It’s been 20 odd years since the last outing of Jah Wobble’s Invaders, with tonight being one of a mere handful of gigs. Originally planned to coincide with a new album of covers and the forthcoming Redux Box Set (now expected in the New Year) they now serve as something of a live prelude to both. Not surprising then, that the smallish, much-acclaimed Trades Club venue is heaving.
Lesser men would let the palpable buzz of crowd excitement go to their head, but John `Jah Wobble’ Wardle is as earthed, yet charismatic, as his low-end bass-lines. So the band start up with little by the way of introduction, allowing the music to speak for itself as they warm us up with a couple of instrumental numbers, including a reflective rendition of the `Midnight Cowboy’ theme.
An inspired cover of `Get Carter’ starts with an apt sample of dialogue from the same, warning about the perils of going up North: “They’re hard nuts up there Jack, they won’t take kindly to someone from London poking his bugle in… Remember, they’re killers, just like you.” Marc Layton-Bennett starts some hypnotic up-tempo tabla-style drumming, Wardle’s resonant bass snakes in to caress the vertebrae of your spine, before an exquisite free-form jazz keyboard from George King, matched by the intricate guitar work of Martin Chung both enter, taking solo turns to complete the collage of scintillating soundscape. It turns into something of an extended jam session, a mesmerising treat.
They move fluidly into a sublime reggaed-up Sweeney theme, chased by the classic Ska number `Liquidator’, both of which have everyone skanking enthusiastically. `The Chain’ by Fleetwood Mac (better known as the F1 theme) is next to be given a uproarious working over.
The Invaders tonight are a slimmed-down version of the new incarnation, but they prove a powerful tour-de-force nontheless, incorporating some well-respected names via other works and collaborations including Jamie Crossley from Marconi Union and Aziz Ibrahim of Stone Roses fame. Wobble shares some jokes inbetween songs with the audience and band. The laidback joviality makes this collaboration appear almost effortless live, though the skills required to successfully cross-hatch and time such a complex auditory canvas would suggest otherwise.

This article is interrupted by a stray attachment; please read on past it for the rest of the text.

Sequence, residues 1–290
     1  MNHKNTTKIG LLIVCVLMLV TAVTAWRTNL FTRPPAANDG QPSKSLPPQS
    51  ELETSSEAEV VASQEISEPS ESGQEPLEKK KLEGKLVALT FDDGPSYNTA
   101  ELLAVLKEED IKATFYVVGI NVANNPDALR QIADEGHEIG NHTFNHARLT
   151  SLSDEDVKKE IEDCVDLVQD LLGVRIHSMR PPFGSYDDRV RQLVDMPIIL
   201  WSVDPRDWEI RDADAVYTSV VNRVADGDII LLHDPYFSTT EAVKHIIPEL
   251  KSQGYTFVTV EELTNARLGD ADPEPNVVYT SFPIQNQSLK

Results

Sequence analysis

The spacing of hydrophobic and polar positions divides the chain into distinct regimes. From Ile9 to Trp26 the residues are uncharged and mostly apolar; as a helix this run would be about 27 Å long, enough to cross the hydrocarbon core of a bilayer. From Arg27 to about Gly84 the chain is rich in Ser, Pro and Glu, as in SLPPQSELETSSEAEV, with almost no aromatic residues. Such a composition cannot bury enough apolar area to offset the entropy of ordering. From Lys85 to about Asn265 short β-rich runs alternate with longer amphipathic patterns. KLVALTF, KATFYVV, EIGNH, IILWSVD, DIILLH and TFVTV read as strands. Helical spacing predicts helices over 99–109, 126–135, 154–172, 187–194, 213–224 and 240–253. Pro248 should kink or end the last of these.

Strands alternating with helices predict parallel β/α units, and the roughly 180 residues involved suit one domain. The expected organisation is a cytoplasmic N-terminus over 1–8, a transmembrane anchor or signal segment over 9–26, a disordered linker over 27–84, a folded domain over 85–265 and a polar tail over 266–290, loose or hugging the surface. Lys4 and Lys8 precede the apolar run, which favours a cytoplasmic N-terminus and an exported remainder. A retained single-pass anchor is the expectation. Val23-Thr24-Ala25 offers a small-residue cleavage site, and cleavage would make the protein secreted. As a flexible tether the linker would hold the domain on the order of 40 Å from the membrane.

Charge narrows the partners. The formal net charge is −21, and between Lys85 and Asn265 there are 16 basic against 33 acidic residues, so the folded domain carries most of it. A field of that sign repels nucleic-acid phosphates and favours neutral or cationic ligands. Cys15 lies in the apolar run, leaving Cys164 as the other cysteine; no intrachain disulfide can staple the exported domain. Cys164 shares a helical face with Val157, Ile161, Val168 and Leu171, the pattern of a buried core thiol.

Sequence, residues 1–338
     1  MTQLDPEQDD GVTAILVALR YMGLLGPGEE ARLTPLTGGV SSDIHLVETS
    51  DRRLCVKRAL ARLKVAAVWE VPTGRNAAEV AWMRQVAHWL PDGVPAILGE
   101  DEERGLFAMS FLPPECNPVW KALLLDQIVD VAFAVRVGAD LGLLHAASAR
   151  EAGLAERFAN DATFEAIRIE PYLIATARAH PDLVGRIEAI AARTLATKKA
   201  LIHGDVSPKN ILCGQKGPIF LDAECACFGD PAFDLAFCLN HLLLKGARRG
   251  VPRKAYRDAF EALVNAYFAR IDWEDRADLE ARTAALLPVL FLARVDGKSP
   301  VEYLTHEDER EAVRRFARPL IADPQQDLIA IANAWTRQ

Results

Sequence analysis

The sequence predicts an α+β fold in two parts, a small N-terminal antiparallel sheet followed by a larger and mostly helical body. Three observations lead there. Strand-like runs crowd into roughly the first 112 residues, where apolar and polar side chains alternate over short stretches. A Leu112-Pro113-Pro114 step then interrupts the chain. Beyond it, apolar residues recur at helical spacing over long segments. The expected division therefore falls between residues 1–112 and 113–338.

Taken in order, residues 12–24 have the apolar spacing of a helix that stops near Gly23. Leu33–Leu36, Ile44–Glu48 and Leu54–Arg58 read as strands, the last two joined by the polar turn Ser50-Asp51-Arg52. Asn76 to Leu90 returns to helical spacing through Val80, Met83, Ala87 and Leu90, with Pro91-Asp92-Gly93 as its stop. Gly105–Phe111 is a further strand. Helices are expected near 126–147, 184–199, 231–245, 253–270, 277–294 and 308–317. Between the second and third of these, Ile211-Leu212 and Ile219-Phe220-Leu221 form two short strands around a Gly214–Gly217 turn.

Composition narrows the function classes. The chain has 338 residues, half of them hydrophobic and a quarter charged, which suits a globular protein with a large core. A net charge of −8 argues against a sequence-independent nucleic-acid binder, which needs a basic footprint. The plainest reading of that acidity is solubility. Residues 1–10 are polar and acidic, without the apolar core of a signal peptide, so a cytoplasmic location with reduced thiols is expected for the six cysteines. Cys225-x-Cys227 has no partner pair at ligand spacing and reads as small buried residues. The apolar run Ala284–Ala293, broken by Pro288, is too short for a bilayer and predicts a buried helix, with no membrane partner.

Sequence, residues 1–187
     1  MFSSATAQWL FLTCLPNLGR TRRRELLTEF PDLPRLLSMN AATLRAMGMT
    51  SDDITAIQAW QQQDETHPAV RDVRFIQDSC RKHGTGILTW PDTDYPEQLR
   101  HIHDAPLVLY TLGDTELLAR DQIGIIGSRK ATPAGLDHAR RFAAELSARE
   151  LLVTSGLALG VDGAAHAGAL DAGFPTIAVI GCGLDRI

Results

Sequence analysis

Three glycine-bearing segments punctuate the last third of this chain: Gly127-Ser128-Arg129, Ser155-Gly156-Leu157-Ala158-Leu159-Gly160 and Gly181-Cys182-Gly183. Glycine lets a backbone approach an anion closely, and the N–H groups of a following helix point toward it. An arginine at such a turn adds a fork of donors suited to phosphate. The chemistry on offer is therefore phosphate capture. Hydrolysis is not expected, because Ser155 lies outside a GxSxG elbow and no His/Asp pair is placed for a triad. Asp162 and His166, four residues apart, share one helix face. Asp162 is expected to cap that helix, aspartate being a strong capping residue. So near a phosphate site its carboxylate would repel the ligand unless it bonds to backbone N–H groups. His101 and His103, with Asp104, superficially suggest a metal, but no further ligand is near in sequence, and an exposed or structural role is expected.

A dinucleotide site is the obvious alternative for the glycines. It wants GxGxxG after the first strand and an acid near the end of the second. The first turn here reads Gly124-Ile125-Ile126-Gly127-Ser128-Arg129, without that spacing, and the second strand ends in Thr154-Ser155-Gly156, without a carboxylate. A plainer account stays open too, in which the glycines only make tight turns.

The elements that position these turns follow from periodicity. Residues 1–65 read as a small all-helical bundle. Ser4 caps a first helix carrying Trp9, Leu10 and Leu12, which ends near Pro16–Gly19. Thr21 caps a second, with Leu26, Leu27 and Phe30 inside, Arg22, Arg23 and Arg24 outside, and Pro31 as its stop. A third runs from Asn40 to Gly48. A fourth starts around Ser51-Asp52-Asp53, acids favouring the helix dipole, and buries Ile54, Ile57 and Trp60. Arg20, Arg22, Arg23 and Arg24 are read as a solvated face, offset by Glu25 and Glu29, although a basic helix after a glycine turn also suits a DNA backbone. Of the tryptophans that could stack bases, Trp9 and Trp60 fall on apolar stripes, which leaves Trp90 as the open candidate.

Wardle’s sonorous bass and an Asian-influenced trance-beat introduces `Visions of You’, a crowd-favorite greeted with rapture. Aziz Ibrahim has now taken to the stage. Whereas Chung’s dexterous guitar work is almost modestly understated, Ibrahim performs with the panache and confidence of a full-on rock legend with a pimped up guitar (including flashing frets!) and searing sound to match. Having the ability to make his instrument speak in raw, gut-wrenching emotion, he pulls off this comedic knowing wink without being at all Spinal Tap about it.
On `Becoming More Like God’ Ibrahim again uses the low-end spacey backline as an effective backdrop, this time with a more traditionally South-Asian sound to his strings. Wardle’s vocals are a rhyming spoken word poetry on top, floating inbetween sequenced snatches of soaring female backing. It flows beautifully, pinned together by the sequencing and sampling wizardry of Crossley.
Outstandingly original, this fusion of styles, originals and re-worked covers can only possibly work with musicians who have honed their art masterfully and a maestro who instinctively knows how to direct this outpouring into fluid, compelling creations.
The stamping of feet thundering against the floor, demand an encore which is satisfied by an outstanding version of `Public Image’, done in what the Slits Ari Up would have termed a `Punky-Reggae Stylee’. John snarls out his vocals with surprisingly forceful emotion, and I can’t help but wonder if it’s a certain other John he has in mind. It would be something of a bitter-sweet irony.
Finishing on another PiL classic,`Poptones’, to ecstatic applause, it seems over all too soon, but leaves me with a real sense of anticipation for the New Year’s new releases.
You killed them up North tonight John.
*Watch out for an exclusive interview with Jah Wobble to follow in the New Year.
Jah Wobble’s Invaders of the Heart play the Georgian Theatre, Stockton-on-Tees on 14th November. Tickets via www.georgiantheatre.co.uk.
Jah Wobble website: http://www.30hertzrecords.com
Thanks to Martin (VamboMarbleEye) for video footage.